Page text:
To have a right and all-round comprehension towards reflective teaching, we must first review thehistory in its development because the formation and development of reflective teaching is a long process. The early studies about reflective teaching are British Loke and Spinoza, from which one had thedetailed elaboration on the reflection. But most experts who go in for the reflective teaching studies allconsider Dewey as the first forefather; they thought it was he who was the first person to make theelaboration on the reflection. Dewey presented his principal ideas about reflective teaching in the bookHow we think, he believes “active, persistent, and careful consideration of any belief or supposed form ofknowledge in the light of the grounds that support it and the further conclusions to which it tends,constitutes reflective thought” (Dewey, 1993:9). So Dewey stresses that the reflective teachers have thecompetence of three kinds of mind: open-mindedness, responsibility, whole-heartedness in the reflectiveteaching. He was also the first person to regard teachers as reflective practitioners that can play asignificant role in new curriculum reform and educational reform. Since then, the reflective practice hasbeen influenced by each philosophy and methodology theory. Berlak (1981) defined reflective teaching by describing reflection. He thought that reflection was acritical ability of examining its own actions and situations to call for considerations of moral and ethicalproblems. In other words, reflective teaching not only technically questions or evaluates the effectivenessof the teaching, but also asks teachers to carefully consider the ethical significance of their teachingpractice and will improve their teaching behavior based on the insight.Cruickshank et al (1981) considered the reflective teaching as a process that the English teachersemploy different ways to cope with the classroom situation, to achieve the same end he carried on differentmethods, its aim is to spur the teacher unceasingly to put forward “what” and “why” questions, and toemanate their teaching conception and the thinking of teaching practice.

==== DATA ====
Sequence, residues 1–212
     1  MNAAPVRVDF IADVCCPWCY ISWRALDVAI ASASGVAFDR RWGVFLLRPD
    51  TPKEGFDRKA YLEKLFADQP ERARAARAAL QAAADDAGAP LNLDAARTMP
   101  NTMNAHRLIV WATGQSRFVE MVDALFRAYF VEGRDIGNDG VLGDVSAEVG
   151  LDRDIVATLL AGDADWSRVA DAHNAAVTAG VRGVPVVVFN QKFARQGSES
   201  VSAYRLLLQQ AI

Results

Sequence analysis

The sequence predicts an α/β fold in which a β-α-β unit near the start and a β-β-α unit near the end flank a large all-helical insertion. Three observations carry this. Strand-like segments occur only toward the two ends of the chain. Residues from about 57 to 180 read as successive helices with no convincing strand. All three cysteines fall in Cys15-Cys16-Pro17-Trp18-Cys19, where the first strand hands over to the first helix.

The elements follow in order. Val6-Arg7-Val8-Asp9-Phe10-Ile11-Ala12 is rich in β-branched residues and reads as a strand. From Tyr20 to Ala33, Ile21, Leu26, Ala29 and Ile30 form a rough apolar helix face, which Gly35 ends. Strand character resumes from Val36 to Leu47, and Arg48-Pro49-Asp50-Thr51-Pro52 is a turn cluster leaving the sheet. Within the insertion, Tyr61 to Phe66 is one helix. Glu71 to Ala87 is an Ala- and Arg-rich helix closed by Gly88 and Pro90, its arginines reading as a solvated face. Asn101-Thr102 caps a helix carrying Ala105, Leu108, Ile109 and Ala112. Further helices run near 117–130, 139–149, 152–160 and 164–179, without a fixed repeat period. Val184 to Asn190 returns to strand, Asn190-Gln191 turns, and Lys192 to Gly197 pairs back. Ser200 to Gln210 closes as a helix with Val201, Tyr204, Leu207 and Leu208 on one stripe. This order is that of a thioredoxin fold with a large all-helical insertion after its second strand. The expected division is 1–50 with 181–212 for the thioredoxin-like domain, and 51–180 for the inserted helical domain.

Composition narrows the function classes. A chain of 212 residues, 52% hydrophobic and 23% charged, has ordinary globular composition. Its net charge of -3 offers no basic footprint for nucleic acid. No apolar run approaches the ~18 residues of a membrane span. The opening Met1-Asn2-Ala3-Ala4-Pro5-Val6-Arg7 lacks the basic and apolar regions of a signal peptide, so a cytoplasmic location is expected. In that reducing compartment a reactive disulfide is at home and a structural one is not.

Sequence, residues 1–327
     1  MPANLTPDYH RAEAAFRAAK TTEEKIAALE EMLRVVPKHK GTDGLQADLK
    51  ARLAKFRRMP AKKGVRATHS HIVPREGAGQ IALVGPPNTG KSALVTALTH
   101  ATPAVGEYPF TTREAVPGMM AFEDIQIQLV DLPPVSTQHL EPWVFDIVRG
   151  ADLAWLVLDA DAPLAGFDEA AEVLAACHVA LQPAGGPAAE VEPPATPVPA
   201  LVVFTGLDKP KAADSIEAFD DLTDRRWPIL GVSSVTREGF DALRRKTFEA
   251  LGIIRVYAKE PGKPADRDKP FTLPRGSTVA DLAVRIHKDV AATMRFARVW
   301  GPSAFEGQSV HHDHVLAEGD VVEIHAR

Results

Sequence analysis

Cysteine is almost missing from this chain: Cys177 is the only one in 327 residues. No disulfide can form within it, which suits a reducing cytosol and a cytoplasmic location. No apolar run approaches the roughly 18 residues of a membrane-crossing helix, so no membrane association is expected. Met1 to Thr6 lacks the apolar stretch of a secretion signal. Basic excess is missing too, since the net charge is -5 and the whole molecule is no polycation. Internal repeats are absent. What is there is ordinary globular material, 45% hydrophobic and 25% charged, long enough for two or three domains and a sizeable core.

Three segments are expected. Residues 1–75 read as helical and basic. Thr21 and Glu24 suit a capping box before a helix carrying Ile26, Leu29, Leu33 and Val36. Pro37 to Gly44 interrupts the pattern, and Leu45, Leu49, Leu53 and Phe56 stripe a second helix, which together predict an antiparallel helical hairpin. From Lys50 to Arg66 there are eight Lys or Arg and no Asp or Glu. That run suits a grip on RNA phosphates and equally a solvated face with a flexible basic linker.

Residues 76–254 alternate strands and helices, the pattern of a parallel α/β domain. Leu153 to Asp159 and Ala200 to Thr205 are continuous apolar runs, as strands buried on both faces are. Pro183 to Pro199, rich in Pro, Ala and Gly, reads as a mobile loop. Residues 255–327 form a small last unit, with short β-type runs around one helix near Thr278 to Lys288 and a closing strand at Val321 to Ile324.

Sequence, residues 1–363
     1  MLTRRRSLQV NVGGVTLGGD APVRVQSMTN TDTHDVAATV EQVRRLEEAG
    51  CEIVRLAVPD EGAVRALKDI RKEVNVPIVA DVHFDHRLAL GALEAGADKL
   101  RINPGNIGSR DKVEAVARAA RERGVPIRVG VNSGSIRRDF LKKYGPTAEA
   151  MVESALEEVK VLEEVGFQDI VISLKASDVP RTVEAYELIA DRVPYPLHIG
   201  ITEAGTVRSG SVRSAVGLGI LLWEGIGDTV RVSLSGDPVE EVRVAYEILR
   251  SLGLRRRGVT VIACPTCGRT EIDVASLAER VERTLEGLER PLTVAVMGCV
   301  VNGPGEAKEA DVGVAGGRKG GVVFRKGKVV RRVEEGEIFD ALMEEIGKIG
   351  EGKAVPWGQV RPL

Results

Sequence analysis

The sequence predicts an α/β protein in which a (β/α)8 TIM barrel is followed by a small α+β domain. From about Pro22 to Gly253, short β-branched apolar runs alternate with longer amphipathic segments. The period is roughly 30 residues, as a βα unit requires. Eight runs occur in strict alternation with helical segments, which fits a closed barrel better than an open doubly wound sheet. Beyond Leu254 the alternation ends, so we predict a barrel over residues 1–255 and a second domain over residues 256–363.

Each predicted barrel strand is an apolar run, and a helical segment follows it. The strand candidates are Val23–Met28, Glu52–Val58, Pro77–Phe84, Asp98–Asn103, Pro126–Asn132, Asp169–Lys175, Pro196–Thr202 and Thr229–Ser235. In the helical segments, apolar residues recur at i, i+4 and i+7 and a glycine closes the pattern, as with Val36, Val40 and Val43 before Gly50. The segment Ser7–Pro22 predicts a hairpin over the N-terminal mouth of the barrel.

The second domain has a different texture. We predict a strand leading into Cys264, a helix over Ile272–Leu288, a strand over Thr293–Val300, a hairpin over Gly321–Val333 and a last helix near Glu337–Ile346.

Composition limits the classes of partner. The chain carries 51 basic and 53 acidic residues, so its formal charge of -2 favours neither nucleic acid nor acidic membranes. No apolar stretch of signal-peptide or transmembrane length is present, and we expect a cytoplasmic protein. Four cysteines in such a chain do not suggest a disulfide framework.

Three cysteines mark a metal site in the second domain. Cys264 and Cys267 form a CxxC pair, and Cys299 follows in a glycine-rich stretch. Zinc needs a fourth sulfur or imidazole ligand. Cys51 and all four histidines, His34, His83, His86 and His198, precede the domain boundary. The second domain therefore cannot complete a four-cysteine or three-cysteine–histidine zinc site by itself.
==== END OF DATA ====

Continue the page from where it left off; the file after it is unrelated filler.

Chapter Three Theoretical Framework......... 15